How valuable is earning an LL.M. in a particular field (such as international business and trade law, or intellectual property law just to cite two examples) in improving an entry level lawyer's marketability?
There is no question that an LL.M. degree in a particular discipline can be quite prestigious, but let's tackle the issue of whether obtaining one will meaningfully increase your chances of obtaining a better position.
LL.M. degrees are not for everyone. But they can be beneficial to some attorneys. For foreign lawyers who have obtained their law degrees in other countries, obtaining an LL.M. degree may be the only way that they will be able to get licensed in certain states. We have seen a marked increase in the number of foreign attorneys who have come to the United States hoping to find meaningful work opportunities here once they have received their LL.M. and passed the bar in a particular state. Sadly, not all of these attorneys have fared well in the job market here. However, without question, if they are interested in returning to their native country with their U.S. LL.M. in hand, these attorneys are likely to be highly regarded and may even have a strong shot at being hired by a U.S. firm doing business with an office in their own country.
For attorneys in this country, an LL.M. degree may or may not be a suitable choice, depending upon the practice area. For instance, an experienced civil and white-collar criminal trial lawyer without a technical undergraduate degree may not benefit from obtaining an LL.M. in intellectual property law. Intellectual property law in the areas of copyright and trademark, as well as technology and licensing have recently been badly hit by the collapse of the tech sector, and consequently, many attorneys in this area have been hard pressed to find work, despite their strong credentials and expertise in this practice area. For recent law school graduates, particularly those with little to no practical hands-on work experience in the area of intellectual property law, obtaining an LL.M. may not be a suitable choice at this juncture in their career.
Not all LL.M. degrees are created equal. One of the most respected LL.M. degrees to receive is in the area of tax law. Indeed, many firms make it almost a prerequisite that their tax attorneys have also gone on at some point in their career to obtain an LL.M. in tax, regardless of whether their practice area is corporate and partnership tax, international tax, or even ERISA and employee benefits. Consequently, many graduating law students, particularly in this market and especially if they are not graduating from a top tier law school, may find it useful to go right on for an extra year of study in order to have the added cache and prestige of an LL.M. in tax.
Tax law is obviously not for everyone. But it is a specialty that will always be in demand and many tax lawyers are capable of handling a number of transactional business matters in addition to their tax counseling and advisory work. Very few corporate transactional lawyers can say the same for being able to also do the quite complicated tax aspects of a business deal. In the areas of ERISA and employee benefits law, so few lawyers have this expertise, that the added cache of an LL.M. makes them an attractive candidate to virtually any quality law firm, even if the attorney did not originally graduate from a top tier law school.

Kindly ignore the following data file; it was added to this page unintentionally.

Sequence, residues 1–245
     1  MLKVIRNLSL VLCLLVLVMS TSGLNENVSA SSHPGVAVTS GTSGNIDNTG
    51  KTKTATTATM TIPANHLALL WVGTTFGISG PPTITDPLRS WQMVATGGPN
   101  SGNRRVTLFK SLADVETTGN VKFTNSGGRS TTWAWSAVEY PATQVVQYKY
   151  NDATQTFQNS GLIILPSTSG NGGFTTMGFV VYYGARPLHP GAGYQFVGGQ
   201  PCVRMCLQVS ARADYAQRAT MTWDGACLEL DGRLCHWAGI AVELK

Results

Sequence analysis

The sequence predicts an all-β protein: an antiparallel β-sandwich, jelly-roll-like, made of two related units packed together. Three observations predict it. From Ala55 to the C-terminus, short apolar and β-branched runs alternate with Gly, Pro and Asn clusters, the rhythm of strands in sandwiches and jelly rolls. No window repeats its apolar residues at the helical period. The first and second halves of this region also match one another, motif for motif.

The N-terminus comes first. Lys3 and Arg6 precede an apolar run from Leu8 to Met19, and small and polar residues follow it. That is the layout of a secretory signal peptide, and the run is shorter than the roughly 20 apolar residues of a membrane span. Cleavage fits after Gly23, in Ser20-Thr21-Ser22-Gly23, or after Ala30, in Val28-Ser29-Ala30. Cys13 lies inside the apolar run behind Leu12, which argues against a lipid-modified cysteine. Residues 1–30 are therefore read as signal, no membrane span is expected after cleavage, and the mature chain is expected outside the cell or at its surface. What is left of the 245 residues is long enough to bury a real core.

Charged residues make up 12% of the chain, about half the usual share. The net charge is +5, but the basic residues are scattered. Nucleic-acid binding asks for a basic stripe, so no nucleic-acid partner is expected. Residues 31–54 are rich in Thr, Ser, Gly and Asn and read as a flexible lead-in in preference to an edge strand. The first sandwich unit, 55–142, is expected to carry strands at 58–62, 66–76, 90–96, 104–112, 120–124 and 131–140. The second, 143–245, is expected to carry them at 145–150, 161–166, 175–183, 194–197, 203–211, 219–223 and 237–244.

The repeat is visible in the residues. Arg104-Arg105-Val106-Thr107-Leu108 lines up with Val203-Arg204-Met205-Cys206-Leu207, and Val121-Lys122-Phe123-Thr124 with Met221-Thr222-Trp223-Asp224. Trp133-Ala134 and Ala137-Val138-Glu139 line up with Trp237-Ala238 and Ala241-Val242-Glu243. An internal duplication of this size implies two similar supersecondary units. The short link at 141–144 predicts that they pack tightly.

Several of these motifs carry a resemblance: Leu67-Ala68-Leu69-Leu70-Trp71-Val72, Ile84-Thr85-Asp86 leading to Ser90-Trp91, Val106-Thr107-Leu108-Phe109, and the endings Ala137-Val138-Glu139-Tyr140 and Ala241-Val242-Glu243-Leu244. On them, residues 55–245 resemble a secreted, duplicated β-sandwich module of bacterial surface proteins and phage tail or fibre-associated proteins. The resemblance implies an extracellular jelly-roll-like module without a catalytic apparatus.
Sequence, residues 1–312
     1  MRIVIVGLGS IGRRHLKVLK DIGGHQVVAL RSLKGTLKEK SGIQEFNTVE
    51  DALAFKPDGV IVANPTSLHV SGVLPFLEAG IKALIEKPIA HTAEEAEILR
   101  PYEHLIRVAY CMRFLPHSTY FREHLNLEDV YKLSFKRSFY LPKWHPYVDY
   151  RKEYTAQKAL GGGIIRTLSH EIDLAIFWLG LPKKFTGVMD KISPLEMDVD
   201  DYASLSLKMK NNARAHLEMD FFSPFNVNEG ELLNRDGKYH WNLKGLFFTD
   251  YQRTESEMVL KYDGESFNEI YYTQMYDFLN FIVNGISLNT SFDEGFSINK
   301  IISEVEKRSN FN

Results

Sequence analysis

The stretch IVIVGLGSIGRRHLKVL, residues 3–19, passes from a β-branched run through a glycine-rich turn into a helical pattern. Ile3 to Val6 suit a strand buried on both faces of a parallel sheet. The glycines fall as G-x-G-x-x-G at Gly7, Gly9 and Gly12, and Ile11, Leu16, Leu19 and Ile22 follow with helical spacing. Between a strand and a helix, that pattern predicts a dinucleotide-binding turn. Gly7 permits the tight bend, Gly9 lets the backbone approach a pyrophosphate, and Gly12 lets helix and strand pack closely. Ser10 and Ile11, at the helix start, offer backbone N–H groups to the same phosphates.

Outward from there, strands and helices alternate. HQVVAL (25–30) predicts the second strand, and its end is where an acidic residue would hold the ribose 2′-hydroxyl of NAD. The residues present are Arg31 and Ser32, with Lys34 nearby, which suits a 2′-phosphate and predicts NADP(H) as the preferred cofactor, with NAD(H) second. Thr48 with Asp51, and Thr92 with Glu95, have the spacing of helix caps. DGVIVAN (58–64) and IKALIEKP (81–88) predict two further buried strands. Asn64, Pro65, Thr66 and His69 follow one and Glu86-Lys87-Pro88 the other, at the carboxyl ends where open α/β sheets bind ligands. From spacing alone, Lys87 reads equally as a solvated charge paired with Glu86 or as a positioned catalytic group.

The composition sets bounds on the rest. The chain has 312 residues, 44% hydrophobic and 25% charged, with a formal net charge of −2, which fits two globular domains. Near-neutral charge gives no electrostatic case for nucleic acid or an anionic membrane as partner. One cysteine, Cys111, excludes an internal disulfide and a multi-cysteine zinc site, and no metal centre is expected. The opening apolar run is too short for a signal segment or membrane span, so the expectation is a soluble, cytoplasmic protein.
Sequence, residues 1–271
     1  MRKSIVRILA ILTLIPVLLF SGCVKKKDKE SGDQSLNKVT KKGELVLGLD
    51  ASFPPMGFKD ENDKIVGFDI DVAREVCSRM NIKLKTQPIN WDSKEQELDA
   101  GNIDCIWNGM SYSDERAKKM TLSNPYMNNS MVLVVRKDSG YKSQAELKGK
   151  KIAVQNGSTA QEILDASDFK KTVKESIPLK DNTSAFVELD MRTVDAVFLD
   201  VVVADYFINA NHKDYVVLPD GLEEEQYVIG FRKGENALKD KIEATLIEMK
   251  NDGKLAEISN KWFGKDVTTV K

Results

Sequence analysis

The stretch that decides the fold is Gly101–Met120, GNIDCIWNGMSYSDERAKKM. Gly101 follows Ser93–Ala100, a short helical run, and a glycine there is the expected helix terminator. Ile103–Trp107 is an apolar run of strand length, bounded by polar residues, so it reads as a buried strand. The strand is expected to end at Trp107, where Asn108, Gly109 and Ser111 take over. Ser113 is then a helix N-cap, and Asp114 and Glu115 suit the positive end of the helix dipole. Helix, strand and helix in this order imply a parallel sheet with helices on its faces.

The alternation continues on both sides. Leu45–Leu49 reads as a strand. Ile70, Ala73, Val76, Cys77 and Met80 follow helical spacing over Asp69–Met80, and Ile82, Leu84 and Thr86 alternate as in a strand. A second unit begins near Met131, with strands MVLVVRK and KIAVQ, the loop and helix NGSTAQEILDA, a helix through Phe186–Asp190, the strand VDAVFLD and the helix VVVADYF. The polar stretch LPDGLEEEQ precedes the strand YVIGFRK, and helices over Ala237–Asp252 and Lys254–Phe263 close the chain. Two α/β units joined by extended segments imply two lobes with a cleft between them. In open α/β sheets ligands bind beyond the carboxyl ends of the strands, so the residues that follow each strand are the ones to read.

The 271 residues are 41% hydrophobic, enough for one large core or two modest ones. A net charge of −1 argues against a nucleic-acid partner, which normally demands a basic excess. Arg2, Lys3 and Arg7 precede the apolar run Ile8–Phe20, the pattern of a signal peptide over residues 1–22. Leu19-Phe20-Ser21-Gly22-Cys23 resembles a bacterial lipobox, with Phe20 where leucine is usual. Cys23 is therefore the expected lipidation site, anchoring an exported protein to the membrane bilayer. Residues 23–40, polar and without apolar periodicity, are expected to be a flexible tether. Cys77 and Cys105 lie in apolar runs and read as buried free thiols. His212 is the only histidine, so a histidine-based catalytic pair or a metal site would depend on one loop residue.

The same cannot necessarily be said of other practice areas. While there is no question that an extra year of specialized law studies in a particular practice area, whether it be international law or intellectual property, or health care law, will certainly enhance one's resume, it is unlikely that an LL.M. will in and of itself make the difference in your job search.
Not all LL.M. programs are created equal.U.S. News and World Report publishes a yearly report on the best law schools in the United States. Resources such as these are available to help you research what law school excels both across the board, and with respect to certain specialties. In considering an LL.M. program, do your due diligence and speak with the school's placement office and find out the number of recent graduates who received job offers upon completion of their studies. Find out which law firms came on campus to the school to actually recruit for attorneys from the program. Lastly, and perhaps most importantly, bear in mind that, with the exception of a few truly top ranked law schools such as Columbia or N.Y.U. which probably have a number of law firms from several parts of the country recruiting on campus, most LL.M. programs only attract indigenous law firms. Consequently, if you want to practice as a health care attorney in Florida, don't go for an LL.M. in healthcare law in Ohio. No matter how successful that particular school's placement record is in Ohio, there is little chance a Florida firm will be knocking on your door.
Conclusion. While an LL.M. can be a prestigious credential for some attorneys, it is not a panacea, even in a poor economy, for recent law school graduates with little to no work experience in that practice area. The most notable exception to this is in the tax arena. For experienced attorneys seeking to jump-start their careers or change practice areas, an LL.M. may prove useful, provided the practice area is in demand and provided the school they choose has a good track record.